Binge eating and self-esteem predict body image dissatisfaction among obese men and women seeking bariatric surgery

Authors


Abstract

Objective

We examined body image dissatisfaction (BID) in extremely obese men and women seeking bariatric surgery.

Methods

The following predictors of BID were examined in a consecutive series of 260 (44 men and 216 women) gastric bypass candidates: gender, ethnicity, body mass index (BMI), age at onset of overweight, childhood maltreatment, binge eating, depression, and self-esteem.

Results

Women reported significantly higher levels of BID than men. Stepwise multiple regression analyses revealed that gender, binge eating, and self-esteem levels accounted for 41% of the variance in BID. In predicting BID levels separately by gender, binge eating and self-esteem accounted for 56% of the variance among men and for 33% of the variance among women.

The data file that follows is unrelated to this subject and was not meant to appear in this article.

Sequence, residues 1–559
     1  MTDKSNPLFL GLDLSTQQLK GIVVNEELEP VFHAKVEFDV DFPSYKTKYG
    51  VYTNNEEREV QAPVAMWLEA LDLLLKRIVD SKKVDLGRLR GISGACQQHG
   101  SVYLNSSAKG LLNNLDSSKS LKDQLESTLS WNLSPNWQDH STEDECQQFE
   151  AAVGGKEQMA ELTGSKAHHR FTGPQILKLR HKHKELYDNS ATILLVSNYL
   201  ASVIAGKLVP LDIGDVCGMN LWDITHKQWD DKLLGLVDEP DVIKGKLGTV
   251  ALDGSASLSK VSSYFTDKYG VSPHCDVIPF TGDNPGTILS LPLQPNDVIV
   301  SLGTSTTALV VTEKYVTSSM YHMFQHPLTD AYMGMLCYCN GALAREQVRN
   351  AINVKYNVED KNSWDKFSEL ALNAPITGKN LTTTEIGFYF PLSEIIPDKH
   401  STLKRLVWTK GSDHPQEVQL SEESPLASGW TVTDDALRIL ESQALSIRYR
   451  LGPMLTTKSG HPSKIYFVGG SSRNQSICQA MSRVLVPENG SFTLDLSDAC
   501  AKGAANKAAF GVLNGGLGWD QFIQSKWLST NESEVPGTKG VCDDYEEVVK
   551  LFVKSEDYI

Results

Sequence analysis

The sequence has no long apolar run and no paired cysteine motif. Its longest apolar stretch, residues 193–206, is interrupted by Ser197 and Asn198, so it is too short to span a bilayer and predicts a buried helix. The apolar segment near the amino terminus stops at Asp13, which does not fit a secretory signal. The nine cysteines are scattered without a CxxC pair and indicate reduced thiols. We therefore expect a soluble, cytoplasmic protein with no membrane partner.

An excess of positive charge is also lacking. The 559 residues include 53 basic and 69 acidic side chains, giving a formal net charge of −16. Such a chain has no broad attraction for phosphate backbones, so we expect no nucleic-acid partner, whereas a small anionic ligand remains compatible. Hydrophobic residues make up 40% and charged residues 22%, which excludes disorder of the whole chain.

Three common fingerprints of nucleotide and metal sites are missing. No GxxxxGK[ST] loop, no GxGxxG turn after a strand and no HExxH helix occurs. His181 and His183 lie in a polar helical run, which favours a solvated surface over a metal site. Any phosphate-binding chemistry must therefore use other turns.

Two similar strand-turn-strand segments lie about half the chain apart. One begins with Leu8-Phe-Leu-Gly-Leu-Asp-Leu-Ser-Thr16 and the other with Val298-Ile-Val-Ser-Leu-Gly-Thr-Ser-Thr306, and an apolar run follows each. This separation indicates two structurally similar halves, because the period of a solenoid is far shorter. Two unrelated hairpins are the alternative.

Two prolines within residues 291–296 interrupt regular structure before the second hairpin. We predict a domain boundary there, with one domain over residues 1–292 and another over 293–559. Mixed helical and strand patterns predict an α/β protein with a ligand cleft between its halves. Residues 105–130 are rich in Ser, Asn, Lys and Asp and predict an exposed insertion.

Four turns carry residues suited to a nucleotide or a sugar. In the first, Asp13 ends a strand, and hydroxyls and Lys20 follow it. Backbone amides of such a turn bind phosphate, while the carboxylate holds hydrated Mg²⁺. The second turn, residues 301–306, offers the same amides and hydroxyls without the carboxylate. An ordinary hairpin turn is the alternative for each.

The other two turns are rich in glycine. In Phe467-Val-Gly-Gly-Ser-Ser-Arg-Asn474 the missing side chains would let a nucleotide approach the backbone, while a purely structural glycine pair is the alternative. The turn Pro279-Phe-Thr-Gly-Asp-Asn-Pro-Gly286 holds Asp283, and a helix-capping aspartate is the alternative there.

Discussion

Among bariatric surgery candidates, women reported significantly higher BID than men. Our findings suggest the importance of binge eating and lower self-esteem for understanding BID in both men and women who are extremely obese. © 2005 by Wiley Periodicals, Inc.

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